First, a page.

Aim of script

calculates the top height of forests, along with other statistical features.

General description

The top height (german: Oberhöhe) is defined as the "mean height of the 100 strongest trees per hectare". Since LIDAR data does not provide tree strength, the 100 highest trees are used instead. For that, a data file containing tree positions and their height (stored in the NormalizedZ-Attribute) is needed.

This can then be processed in two seperate ways:

Defining a search radius

Using the -radius parameter defines a radius (in meters) for a circle, creating a buffer around each point. For every point, the neighboring points (all the points within the circle) are taken and sorted by their NormalizedZ Attribute. The Top 100 (if more than 100 exist) are used for calculating the statistical features. The default value of -radius 56.419 gives an area of approx. 1 ha.

The calculated features are then written back to the individial point as attributes. All of these attributes start with _forTopHeight and end with the name of the feature. Additionally, the count of points used for the calculation is stored in the _forTopHeightSampleCount-Attribute. It is always between the supplied minimum sample count (-minimumSampleCount, default 20) and 100.

If more than one odm file is supplied, and the files overlap, the search region will extend to the next odm file. (e.g. a tree at the border of one file will also have trees in the other file as neighbors)

Using an AoI-Shapefile

Instead of calculating the values for every tree and neighborhood, an ESRI polygon shapefile can be supplied via the -aoi parameter. If this argument is supplied, the program automatically switches to AoI (Area of Interest) mode. In this mode, the top 100 trees within each polygon are used for calculation, and the result is written back to the polygon shapefile as attributes. Since ESRI dbf-Files limit the attribute name length to 10 characters, abbreviations are used (e.g. tHnmin_2 for the -feature nmin:2-Feature).

With a little python knowledge, the script can also easlily be adapted to fit broader use, e.g. selecting the 25%-Quantile instead of the top 100 trees, or access a different attribute. This is not possible via command-line, however.

Parameter description

-inFile input odm file
Type : String
Remark : mandatory
Description: input DataManager file(s) (*.odm). Use argument twice to specify two input files, e.g. '-i 1.odm -i 2.odm. Wildcards are also supported.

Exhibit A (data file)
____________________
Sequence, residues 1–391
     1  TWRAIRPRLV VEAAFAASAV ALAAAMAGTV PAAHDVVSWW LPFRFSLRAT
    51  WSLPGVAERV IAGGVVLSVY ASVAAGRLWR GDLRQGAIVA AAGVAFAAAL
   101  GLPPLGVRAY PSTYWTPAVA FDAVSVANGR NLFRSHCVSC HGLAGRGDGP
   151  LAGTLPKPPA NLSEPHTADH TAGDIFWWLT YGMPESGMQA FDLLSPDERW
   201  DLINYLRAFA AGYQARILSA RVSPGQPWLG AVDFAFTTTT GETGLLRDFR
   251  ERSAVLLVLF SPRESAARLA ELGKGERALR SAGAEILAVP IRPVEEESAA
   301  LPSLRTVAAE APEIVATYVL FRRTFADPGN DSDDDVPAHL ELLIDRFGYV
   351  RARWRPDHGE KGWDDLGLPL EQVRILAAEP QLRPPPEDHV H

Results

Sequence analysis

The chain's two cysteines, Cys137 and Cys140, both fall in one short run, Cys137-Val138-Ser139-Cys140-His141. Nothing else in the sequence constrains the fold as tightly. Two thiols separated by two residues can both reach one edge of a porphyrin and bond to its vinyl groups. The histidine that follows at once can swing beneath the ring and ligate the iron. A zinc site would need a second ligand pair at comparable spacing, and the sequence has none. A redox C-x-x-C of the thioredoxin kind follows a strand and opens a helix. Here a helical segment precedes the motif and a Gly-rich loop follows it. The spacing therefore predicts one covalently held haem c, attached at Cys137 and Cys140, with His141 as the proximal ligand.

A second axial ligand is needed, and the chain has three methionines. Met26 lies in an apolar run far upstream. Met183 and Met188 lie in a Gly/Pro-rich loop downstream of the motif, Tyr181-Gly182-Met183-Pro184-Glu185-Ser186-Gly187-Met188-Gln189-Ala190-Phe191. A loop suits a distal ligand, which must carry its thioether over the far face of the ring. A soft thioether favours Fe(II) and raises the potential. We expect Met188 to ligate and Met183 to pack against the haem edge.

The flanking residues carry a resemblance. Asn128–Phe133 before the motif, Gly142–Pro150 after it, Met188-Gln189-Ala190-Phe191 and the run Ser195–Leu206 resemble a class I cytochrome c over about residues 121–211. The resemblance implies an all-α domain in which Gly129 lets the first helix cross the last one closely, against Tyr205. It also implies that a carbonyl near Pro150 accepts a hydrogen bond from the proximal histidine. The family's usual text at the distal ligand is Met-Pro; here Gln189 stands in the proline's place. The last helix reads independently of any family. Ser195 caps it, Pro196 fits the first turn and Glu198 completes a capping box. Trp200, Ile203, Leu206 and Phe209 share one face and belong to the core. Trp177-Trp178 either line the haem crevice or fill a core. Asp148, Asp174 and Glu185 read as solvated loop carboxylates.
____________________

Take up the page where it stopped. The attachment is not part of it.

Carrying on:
-searchRadius searchRadius for feature calculation [m] (default: 56.419)
Type : Floating-point number
Remark : optional, default: 56.419
-feature feature types to be calculated
Type : String
Remark : mandatory
Description: feature type(s) to be calculated and saved (mean, min, max, median, rms, nmin:[n], nmax:[n], variance, quantile:p (with p in [0,1])).
-minSampleCount minimum number of Points withing the searchRadius for a feature to be calculated (default: 20)
Type : Integer
Remark : optional, default: 20
-filter DataManager filter for pre-selection of points
Type : String
Remark : optional
-aoi ESRI polygon shapefile to be used instead of circles with -searchRadius radius
Type : String
Remark : optional

Example 1

This example uses a search radius of 30 m.

First, we need to create an odm-File from the datasource:

opalsImport -inFile treePos.asc -outFile treePos.odm -iFormat treePosFmt.xml

opalsInfo will show information about currently existing attributes:

opalsInfo -inFile treePos.odm

Notice the NormalizedZ attribute, which is neccessary for the next step!

opals forTopHeight -inFile treePos.odm -searchRadius 30 -feature mean -feature median -feature max

This will start the script, calculating the mean, the median and the maximum value within 30 meters of every point. Using the -feature parameter multiple times tells the script to make multiple calculations. This also works with the -inFile parameter, allowing multiple odm files to be processed. Alternatively, ";" may be used as a delimiter for multiple input files.

Running opalsInfo again shows us the changes. There should be three new attributes in the attributes list. Not all points might contain all attributes, since the -minSampleCount parameter has been omitted, points need to have at least 20 neighbors for the attribute to be saved.

Figure 1: The treePos pointcloud displayed with opalsView. The coloring is according to the newly calculated top height 'max' feature.

Example 2

In this example, a polygon shapefile will be used for detemining neighborhood. Visualisation of the result can easily be done with QGIS.

If you have not already created the odm-File from the datasource, do so now:

opalsImport -inFile treePos.asc -outFile treePos.odm -iFormat treePosFmt.xml

We will now use these tree positions to calculate the mean tree height per polygon in the fTH_poly.shp file. No values should be stored, if the polygon contains less than 5 trees.

opals forTopHeight -inFile treePos.odm -aoi fTH_poly.shp -feature mean -minSampleCount 5

Finally, let's open the shapefile in QGIS, right click on the layer and select 'Properties'. Go to the 'Style' tab and select 'Graduated' where it says 'Single Symbol'. Under 'Column', select 'tHMean', and after fiddling with the Color ramp and Classes, click 'OK'.

opalsImport is the executable file of Module Import
Definition: ModuleExecutables.hpp:113
@ mean
opalsInfo is the executable file of Module Info
Definition: ModuleExecutables.hpp:118
Contains the public interface of OPALS.
Definition: AbsValueOrQuantile.hpp:8
@ feature
Use a statistic feature of the boundary gap points for filling.